by Julian M Bucknall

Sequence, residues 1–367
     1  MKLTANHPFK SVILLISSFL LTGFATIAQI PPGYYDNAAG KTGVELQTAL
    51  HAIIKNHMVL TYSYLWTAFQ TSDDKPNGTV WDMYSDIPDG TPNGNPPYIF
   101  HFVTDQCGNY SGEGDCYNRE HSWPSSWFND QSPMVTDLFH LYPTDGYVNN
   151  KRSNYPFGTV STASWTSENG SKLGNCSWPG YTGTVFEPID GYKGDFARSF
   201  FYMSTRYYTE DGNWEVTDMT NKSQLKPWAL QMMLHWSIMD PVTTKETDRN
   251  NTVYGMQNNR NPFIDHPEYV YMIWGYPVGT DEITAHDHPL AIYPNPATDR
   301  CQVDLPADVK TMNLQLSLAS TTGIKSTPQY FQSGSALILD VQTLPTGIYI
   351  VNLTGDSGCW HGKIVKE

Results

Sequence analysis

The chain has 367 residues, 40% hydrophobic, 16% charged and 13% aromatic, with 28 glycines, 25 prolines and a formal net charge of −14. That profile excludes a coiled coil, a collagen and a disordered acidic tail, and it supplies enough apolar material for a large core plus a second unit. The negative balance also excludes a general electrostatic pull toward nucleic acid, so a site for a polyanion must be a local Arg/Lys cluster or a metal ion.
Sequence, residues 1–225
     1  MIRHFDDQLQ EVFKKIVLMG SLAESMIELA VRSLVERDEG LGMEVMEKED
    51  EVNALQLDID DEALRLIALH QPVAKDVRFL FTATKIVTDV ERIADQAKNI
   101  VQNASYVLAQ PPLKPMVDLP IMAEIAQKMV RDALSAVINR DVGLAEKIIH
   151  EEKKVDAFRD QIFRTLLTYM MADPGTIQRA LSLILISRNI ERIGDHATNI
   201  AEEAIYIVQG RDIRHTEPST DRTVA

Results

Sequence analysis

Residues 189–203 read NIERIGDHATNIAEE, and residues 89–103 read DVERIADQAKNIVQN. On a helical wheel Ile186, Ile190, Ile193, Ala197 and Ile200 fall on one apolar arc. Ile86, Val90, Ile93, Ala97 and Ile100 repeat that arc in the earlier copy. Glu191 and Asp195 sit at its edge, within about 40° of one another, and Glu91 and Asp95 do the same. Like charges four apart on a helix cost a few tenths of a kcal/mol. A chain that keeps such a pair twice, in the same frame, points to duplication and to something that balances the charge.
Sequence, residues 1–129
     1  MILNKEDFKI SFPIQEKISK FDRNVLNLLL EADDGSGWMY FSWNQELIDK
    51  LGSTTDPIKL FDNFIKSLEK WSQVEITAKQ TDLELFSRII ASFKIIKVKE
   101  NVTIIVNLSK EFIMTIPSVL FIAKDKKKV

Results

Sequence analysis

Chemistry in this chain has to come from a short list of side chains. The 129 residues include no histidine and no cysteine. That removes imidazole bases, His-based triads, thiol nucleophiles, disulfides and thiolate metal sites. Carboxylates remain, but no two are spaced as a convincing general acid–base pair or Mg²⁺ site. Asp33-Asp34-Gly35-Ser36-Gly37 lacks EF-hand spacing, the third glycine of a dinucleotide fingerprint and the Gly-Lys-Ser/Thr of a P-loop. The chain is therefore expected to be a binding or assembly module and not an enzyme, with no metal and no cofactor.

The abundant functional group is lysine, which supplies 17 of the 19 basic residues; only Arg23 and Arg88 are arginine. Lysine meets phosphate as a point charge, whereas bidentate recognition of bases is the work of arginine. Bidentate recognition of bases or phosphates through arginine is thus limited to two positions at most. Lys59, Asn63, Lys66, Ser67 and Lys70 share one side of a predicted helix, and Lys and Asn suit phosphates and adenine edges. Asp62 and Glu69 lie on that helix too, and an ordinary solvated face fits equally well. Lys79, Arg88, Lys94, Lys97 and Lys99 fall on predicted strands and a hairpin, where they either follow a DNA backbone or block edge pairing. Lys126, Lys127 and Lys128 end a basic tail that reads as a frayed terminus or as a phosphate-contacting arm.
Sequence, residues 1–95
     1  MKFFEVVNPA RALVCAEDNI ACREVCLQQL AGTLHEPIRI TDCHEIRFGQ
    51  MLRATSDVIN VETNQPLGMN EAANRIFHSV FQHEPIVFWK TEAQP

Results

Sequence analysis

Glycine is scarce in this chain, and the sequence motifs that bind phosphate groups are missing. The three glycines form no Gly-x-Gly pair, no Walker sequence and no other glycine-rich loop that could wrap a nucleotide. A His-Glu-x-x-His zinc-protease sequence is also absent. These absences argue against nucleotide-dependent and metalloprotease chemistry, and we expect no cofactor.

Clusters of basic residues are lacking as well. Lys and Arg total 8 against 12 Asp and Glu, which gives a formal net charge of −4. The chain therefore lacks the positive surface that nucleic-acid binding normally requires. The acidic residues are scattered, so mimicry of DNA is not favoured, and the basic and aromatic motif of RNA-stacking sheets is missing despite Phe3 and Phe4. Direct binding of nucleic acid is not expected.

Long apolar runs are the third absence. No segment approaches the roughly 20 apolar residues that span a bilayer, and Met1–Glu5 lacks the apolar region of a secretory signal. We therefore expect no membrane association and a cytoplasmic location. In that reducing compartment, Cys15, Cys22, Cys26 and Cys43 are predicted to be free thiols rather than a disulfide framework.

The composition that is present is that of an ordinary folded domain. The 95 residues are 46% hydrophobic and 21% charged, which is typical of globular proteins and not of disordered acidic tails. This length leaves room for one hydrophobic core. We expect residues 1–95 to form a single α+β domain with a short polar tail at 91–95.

Once upon a time (well, OK, in the mid 70s) in a land far, far away (England), I went to King’s College, London as an undergraduate to study for a degree in Mathematics. Easy peasy, I thought, pure mathematics all day, every day. I could immerse myself in the realm of the pure thought, build up logical edifices, and marvel at how far we’ve come as a race. Not so fast, said someone just before I appeared for my first year, those mathematicians will leave here with a degree, but they won’t be able to function in the real world because they won’t know how to express themselves in writing. They ought to write at least two essays, one at the end of the first year and one at the end of the second. To make it easier for them the essay topics can be mathematics-related, so something like an overview of some branch of mathematics that’s not covered in the syllabus, a biography of the personality that produced some major mathematical result, something like that. […]

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